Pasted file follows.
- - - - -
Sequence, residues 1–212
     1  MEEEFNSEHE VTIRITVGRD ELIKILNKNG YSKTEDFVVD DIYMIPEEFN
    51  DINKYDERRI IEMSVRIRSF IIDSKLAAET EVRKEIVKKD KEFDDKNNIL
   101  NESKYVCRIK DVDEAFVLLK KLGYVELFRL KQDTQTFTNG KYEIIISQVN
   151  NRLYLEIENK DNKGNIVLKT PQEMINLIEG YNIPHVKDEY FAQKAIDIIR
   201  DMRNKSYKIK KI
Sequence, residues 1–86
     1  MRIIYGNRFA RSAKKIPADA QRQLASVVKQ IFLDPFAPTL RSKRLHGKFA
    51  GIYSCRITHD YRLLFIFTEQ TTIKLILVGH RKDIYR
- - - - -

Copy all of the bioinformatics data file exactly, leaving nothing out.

Sequence, residues 1–212
     1  MEEEFNSEHE VTIRITVGRD ELIKILNKNG YSKTEDFVVD DIYMIPEEFN
    51  DINKYDERRI IEMSVRIRSF IIDSKLAAET EVRKEIVKKD KEFDDKNNIL
   101  NESKYVCRIK DVDEAFVLLK KLGYVELFRL KQDTQTFTNG KYEIIISQVN
   151  NRLYLEIENK DNKGNIVLKT PQEMINLIEG YNIPHVKDEY FAQKAIDIIR
   201  DMRNKSYKIK KI
Sequence, residues 1–86
     1  MRIIYGNRFA RSAKKIPADA QRQLASVVKQ IFLDPFAPTL RSKRLHGKFA
    51  GIYSCRITHD YRLLFIFTEQ TTIKLILVGH RKDIYR